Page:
The separation of Fairfax and Domain: Where does that leave Fairfax?

Following on from Fairfax Media’s announcement it will spin off its real estate business Domain as a separately-listed ASX entity, Miranda Ward asks what the move will mean for Fairfax?

Fairfax Media has taken the first step in separating its real estate business Domain Group out and listing it on the ASX. Greg Hywood, boss of the publishing company, said the time was right, telling investors Domain was an established business so it is now “less reliant” on Fairfax. But what Hywood didn’t mention was how reliant Fairfax as a company has become on Domain’s revenue to offset trouble in the traditional arms of the business.

Financial results for Fairfax demonstrate Domain’s role as the company’s earnings driver – the figures for the six months ended December 31, reported yesterday, saw Domain Group post the largest earnings before interest, tax, depreciation and amortisation (EBITDA) of the company, at $57.3m. Domain Group was also one of only two divisions to post growth in revenue (the other being Macquarie Media), while the Metro Media saw its revenue decline by 8.2% year-on-year.

Hywood is right, it is clear Domain is not reliant on Fairfax anymore. It is time the real estate listings business gets its own valuation. But where does that leave Fairfax?

Fairfax will retain a 60-70% stake in Domain when it completes its separation (subject to approval from shareholders), setting up a similar structure to what News Corp has with Domain’s main rival REA Group – of which News Corp retains about 60%.

And with Fairfax holding a 50% stake in streaming service Stan and a majority stake in ASX-listed Macquarie Media, it seems Fairfax could be looking to mimic News Corp in more ways than one and start to invest more widely in the media and marketing space. News has a stake in Foxtel, a stake in ad-tech company AppNexus and owns the likes of Storyful and Unruly. It could also see Fairfax look to create a similar, but more media-focused, model to that of Seven Holding Group which has investments in Seven West Media and various industrial companies.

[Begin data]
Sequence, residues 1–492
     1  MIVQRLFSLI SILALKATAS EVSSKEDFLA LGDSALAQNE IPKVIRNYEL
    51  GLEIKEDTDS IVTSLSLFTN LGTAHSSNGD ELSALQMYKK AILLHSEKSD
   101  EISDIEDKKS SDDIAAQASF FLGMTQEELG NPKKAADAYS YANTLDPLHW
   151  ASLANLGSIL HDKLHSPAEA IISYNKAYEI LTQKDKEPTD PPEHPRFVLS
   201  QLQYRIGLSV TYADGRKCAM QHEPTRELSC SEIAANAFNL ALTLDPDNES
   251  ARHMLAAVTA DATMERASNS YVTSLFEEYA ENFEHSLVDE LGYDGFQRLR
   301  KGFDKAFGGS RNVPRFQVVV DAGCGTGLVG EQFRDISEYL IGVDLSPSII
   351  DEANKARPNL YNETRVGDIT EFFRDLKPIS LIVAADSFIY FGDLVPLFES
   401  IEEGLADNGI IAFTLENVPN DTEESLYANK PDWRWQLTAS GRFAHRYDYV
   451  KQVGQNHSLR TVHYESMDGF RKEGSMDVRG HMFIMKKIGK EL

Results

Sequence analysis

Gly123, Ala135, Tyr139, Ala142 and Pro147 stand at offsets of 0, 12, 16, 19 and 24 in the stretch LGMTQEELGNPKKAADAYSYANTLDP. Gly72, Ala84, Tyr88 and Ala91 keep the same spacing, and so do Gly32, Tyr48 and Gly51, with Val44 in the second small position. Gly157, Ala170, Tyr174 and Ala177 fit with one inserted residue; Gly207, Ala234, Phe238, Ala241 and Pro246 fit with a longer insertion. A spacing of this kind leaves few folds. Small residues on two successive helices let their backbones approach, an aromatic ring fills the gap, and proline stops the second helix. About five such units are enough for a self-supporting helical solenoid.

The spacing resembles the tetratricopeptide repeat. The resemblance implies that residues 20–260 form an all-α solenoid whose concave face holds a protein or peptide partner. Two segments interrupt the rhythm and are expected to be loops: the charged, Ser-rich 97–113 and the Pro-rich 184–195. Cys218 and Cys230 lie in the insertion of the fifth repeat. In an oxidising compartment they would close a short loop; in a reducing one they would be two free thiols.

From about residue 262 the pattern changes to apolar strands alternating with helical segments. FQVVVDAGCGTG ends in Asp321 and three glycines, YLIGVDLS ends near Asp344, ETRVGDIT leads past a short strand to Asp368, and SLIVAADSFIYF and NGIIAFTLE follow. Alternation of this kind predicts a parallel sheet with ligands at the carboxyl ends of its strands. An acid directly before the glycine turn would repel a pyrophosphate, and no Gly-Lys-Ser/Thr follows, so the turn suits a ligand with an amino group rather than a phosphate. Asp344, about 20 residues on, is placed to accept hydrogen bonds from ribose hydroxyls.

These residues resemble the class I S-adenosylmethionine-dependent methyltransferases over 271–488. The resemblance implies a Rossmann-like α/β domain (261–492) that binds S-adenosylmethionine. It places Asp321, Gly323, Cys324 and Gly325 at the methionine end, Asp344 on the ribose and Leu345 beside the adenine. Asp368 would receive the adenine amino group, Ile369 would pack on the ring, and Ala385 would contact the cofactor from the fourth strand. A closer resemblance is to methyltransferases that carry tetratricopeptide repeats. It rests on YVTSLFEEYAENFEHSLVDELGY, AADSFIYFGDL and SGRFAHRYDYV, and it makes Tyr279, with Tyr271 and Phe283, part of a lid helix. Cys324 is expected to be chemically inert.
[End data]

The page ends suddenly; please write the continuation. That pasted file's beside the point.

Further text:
And that brings us to Nine.

There has been a lot of speculation of a further tie-up between Nine and Fairfax and it is understood the broadcaster will continue to work with Fairfax where it makes sense. And while there are certainly areas where Nine and Fairfax working together could work, the question has to be asked, why would Nine even want the papers?

Looking at the numbers for the Australian Metro Media division within Fairfax which includes the Australian Financial Review, The Sydney Morning Herald, The Age, Digital Ventures, Life and Events, expenses grew by 7.6% while revenue declined by 8.2%. And if Credit Suisse analyst Fraser McLeish is correct – the newspapers’ value is now questionable. Ironically, McLeish was quoted in the SMH as saying the newspapers are worthless and could cost Fairfax $300m to shut-down.

And in 2014, then CEO of Nine, David Gyngell made it categorically clear that he had no interest in print.

Former Nine boss David Gyngell: We will not be in print

“We will not be print. If it is printed we are not going near it,” he told an investor briefing.

“On my watch there will be nothing printed. If they want to buy our company for a big premium then ok, but I’m not running anything that is printed.”

Even though Hywood yesterday reaffirmed the publisher’s commitment to print for the foreseeable future, the Domain announcement has pushed the message home: Fairfax Media is changing and it will no longer be the same publisher consumers have grown up with. It is looking to change and it has recently started making the necessary internal decisions, and changes, it feels it needs to in order to survive.

It brought Chris Janz in to drive the Metro division, making its digital ambitions, and the need to succeed in digital, a key focus for the future.

Fairfax also restructured its newsrooms with the resignation of SMH editor-in-chief Darren Goodsir and no replacement to that position, with the papers now being led by a team of three. More changes to the newsroom – as the company looks to cut back on costs and shift to embrace a digital future – will be expected, and this will most likely be a period of further pain for the publisher following on from job cuts early last year.

And the pain of declining advertising revenues, declining print circulation and potential job cuts will no longer be as easily offset by positive news out of Domain. Shifting Domain out is going to put the spotlight firmly back on the newspaper assets and how the company can – or can’t – make them work.

Today’s Domain announcement was big and the separation of the company out of Fairfax will be a challenge, but for Fairfax the bigger challenge – in proving it was the right call for the rest of the company, not just Domain – lies ahead.


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